WORK BEGINS IN MACEDONIA ON TETOVO UNIVERSITYMacedonian Prime Minister Ljubco Georgievski, ethnic Albanian leader Arben Xhaferi, and the OSCE's Max Van Der Stoel attended the groundbreaking ceremony in Tetovo on 11 February for the republic's first private university (see "RFE/RL Newsline," 17 January 2001). Instruction will be provided in Albanian, Macedonian, and English according to a well-defined curriculum. The university will be named after Van Der Stoel, who worked out the compromise formula. The ethnic Albanians of Macedonia have long wanted a university with Albanian-language instruction, but the Macedonian authorities feared that such an institution could easily turn into a focal point of Albanian nationalism, as Prishtina University did in the 1970s. The new institution aims at providing a world-class education free of nationalist indoctrination. Some observers have already suggested that, if successful, the university could attract students from well beyond Macedonia and the region's ethnic Albanian communities. PM
 CROATIAN LEADERS SLAM VETERANS' PROTESTSNearly 100,000 war veterans and supporters of late President Franjo Tudjman's Croatian Democratic Community demonstrated in Split on 11 February to protest the government's policy of prosecuting Croatian war criminals and cooperating with the Hague-based tribunal (see "RFE/RL Newsline," 9 February 2001). President Stipe Mesic said that the demonstrators are trying to take power from the street rather than fight elections that they know they cannot win, the BBC's Serbian Service reported. Parliamentary speaker Zlatko Tomcic said that the protesters' statements sounded more like an ultimatum than a call for dialogue, Deutsche Welle's Bosnian Service reported. PM
 ROMANIAN PARLIAMENTARIANS MAKE CONTROVERSIAL IRAQI TRIPFive Romanian parliamentarians, two from the ruling Party of Social Democracy in Romania (PDSR) and three from the extremist Greater Romania Party (PRM) flew to Baghdad on 10 February in a Moldovan plane transporting equipment sent within the framework of the "Oil for Food" program, Mediafax reported. The Foreign Ministry said the trip was coordinated by the Chamber of Commerce and did not break any UN sanctions, but the chamber's chief, Constantin Cojocaru, said this body had no knowledge that parliamentarians will accompany the transport. Chamber of Deputies spokesman Andrei Chiliman said such trips require the approval of the parliament's bureaus, which has neither been sought nor granted. PRM leader Corneliu Vadim Tudor said in reply "we do not need to ask the parliament's permission, because we serve the Romanian people" and called on Romania to resume ties with Iraq and not let its people "die of hunger." MS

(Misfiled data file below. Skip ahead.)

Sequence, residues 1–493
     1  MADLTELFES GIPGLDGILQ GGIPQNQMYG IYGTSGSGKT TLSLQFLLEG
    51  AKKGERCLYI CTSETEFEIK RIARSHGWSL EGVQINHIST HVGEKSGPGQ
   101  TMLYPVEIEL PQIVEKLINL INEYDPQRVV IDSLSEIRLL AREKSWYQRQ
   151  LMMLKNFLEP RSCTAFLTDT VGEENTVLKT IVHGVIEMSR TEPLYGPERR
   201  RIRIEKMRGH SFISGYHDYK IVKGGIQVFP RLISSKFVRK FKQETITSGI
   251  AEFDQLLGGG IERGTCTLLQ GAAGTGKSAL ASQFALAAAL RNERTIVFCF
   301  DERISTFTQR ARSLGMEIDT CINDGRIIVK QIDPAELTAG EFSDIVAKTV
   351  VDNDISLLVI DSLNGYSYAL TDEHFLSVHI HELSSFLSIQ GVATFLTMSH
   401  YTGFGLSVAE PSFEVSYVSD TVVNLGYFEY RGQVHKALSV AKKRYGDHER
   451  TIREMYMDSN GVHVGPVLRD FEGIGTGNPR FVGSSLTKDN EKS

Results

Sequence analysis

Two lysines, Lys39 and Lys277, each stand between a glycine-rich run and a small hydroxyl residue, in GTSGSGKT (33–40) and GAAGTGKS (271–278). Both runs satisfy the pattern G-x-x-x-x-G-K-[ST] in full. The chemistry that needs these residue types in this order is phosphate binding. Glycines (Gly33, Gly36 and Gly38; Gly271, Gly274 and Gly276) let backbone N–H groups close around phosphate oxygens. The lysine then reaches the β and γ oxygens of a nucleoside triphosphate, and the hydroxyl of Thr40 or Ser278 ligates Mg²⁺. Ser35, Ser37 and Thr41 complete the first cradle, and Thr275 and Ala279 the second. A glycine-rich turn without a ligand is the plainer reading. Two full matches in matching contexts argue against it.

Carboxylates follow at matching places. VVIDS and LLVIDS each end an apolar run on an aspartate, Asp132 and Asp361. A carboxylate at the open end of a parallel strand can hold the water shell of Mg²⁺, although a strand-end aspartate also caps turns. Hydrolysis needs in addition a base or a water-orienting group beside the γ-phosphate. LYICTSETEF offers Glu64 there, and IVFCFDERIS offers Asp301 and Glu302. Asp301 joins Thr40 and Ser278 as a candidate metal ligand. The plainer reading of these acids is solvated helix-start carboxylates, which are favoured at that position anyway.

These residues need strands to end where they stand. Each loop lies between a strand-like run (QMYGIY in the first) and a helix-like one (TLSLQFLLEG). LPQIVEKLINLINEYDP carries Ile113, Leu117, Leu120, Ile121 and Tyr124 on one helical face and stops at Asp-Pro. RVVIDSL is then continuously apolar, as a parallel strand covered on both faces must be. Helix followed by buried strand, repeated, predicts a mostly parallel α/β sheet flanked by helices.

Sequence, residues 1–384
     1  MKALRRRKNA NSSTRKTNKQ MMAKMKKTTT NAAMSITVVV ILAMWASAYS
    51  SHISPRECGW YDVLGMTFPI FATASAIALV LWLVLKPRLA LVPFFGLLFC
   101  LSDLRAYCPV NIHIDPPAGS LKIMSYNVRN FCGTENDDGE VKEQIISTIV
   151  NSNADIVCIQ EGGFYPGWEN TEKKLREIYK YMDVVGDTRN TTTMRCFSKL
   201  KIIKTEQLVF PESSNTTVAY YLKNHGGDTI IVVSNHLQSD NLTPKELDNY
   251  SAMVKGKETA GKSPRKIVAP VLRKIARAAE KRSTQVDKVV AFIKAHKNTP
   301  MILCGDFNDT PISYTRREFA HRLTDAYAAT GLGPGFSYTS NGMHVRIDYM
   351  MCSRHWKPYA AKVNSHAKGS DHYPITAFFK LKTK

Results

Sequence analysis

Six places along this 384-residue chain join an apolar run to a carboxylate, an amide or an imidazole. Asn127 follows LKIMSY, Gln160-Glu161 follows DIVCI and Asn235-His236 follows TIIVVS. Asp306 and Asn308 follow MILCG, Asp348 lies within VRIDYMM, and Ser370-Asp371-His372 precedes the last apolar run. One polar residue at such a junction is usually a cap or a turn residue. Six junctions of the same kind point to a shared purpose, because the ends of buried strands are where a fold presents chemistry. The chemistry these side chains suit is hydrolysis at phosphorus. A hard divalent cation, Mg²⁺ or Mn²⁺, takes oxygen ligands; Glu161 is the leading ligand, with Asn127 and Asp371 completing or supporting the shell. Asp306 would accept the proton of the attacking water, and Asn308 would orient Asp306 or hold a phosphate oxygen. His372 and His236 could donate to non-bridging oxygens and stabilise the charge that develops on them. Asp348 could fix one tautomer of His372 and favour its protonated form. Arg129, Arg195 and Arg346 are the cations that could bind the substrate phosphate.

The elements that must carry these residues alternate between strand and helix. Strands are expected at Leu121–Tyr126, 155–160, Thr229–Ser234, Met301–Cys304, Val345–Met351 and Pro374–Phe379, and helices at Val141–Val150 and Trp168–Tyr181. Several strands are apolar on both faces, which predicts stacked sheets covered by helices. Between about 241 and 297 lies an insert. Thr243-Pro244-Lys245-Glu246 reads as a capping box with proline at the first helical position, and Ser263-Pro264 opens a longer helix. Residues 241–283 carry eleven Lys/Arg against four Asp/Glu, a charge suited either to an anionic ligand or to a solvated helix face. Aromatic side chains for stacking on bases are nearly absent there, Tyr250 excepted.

ROMANIA 'SUSPENDS' SENTENCE OF CONVICTED GENERALSProsecutor-General Joita Tanase on 9 February said he is "suspending" the sentencing of generals Victor Stanculescu and Mihai Chitac until 9 May. They were both sentenced to 15 years in prison for the role they played in quashing the revolt in Timisoara against dictator Nicolae Ceausescu in December 1989. Stanculescu has been a fugitive since he was sentenced in July 1999. The prosecutor-general said his office is examining the possibility of launching an appeal against the sentence, as demanded by the Defense Ministry, which had been sentenced to pay damages to victims. Former Justice Minister Valeriu Stoica criticized the decision as "political" and said it was "strange" that Tanase, who has been in office for just a few weeks, had sufficient time to study the voluminous file and make a decision. MS
 ROMANIAN PARTIES FACING INTERNAL CONFLICTSThe Democratic Party's National Coordination Council on 9 February decided to convoke an Extraordinary Convention in May. Democratic Party leader Petre Roman recommended that the convention meet in September but was outvoted 276 to 160. Only an Extraordinary Convention can elect a new leadership for the party and Bucharest Mayor Traian Basescu officially announced he will run for the party's chairmanship. Deputy Chairman Radu Berceanu resigned after being criticized by Roman for his coordination of the party's electoral campaign. On 10 February, the National Council of the Alliance for Romania decided to define the party's ideology as "social- liberal," as proposed by chairman Teodor Melescanu, but rejected the proposal to define the party as "center-right." Melescanu said he favors negotiations with the Democrats for an alliance, while Bucharest branch chairman Doru Viorel Ursu said the council's decisions are "non-statutory" and supported negotiations with the ruling PDSR. MS